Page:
It really hasn’t been that long ago that mechanical designers and controls designers didn’t talk to each other. In fact, many machine builders had only electricians who could program a programmable logic controller (PLC) and no electronic motion control engineers at all. The past ten years has witnessed a huge change in this situation.
European academic engineers coined the mechatronics concept as a way to describe how mechanical design and electronic design can work together. When designers look at moving points in a machine, they can evaluate a purely mechanical motion with gears or pulleys, a hydraulic or pneumatic motion control, or digital servo control of the motion. The increased flexibility allows designers to produce machines that give customers the ability to run smaller batches of a greater diversity of package sizes, for example.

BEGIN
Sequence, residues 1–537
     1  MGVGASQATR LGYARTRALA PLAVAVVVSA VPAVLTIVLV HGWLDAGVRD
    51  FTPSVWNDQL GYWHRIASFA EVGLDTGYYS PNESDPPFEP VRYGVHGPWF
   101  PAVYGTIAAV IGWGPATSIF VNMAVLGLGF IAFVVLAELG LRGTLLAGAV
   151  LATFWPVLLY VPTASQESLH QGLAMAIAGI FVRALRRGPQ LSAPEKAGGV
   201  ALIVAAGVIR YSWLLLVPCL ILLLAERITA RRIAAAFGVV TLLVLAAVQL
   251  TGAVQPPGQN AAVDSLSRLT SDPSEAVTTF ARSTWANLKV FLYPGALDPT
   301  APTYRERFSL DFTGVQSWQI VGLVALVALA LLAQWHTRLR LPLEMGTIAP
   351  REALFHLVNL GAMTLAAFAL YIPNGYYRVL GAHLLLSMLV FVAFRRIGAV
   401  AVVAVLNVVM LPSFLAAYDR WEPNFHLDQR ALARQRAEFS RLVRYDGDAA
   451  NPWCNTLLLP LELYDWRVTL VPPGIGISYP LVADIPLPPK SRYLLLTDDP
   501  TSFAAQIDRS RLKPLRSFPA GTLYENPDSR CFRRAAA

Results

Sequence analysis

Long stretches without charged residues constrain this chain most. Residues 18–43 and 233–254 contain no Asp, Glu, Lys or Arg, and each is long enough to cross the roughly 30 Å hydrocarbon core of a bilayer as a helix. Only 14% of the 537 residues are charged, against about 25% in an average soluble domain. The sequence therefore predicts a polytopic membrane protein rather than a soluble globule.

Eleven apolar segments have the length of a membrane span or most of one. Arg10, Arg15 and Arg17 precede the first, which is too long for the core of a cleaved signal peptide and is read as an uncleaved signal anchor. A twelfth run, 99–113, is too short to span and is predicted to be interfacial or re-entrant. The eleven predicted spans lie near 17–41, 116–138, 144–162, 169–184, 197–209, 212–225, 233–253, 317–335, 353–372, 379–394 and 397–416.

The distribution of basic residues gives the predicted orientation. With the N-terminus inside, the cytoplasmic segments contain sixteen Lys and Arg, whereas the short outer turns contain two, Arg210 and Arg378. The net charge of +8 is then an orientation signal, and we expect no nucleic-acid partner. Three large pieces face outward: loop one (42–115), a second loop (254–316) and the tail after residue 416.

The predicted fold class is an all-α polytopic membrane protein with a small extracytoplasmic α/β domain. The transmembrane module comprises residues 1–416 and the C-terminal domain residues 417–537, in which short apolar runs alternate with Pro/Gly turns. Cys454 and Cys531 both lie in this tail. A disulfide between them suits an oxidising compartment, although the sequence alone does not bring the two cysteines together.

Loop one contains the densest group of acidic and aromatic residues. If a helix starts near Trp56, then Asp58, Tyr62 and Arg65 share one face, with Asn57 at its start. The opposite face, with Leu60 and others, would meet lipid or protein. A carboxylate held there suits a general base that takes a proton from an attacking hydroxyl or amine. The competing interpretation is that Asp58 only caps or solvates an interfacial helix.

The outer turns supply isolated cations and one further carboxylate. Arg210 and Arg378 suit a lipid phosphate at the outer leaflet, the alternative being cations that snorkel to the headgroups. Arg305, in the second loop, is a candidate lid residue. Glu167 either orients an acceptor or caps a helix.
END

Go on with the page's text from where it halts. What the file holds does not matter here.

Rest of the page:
I have seen a couple of companies that have completely redesigned their machines from the ground up to take advantage of mechatronics power. New design concepts can reduce the size of machines, improve reliability and shorten time to delivery. Sounds like a winner all the way around. There is a soft spot in my heart for elegant machine design. I’d surely love to see more creativity and innovation in this area.
Check out an informative podcast on trends in motion control for packaging machines: www.automationworld.com/podcast-7797